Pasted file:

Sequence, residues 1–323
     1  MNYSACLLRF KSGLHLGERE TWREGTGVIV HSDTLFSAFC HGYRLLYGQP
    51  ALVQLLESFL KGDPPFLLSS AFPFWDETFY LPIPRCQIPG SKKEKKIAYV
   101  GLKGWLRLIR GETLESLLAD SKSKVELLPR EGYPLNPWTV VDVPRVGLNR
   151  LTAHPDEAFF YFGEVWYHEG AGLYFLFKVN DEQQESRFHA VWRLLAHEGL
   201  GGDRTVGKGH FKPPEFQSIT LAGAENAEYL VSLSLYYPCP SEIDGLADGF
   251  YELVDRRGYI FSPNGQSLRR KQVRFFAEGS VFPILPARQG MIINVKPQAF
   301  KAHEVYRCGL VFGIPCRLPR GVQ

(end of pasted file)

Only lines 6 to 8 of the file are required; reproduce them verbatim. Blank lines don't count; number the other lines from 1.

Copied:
   201  GGDRTVGKGH FKPPEFQSIT LAGAENAEYL VSLSLYYPCP SEIDGLADGF
   251  YELVDRRGYI FSPNGQSLRR KQVRFFAEGS VFPILPARQG MIINVKPQAF
   301  KAHEVYRCGL VFGIPCRLPR GVQ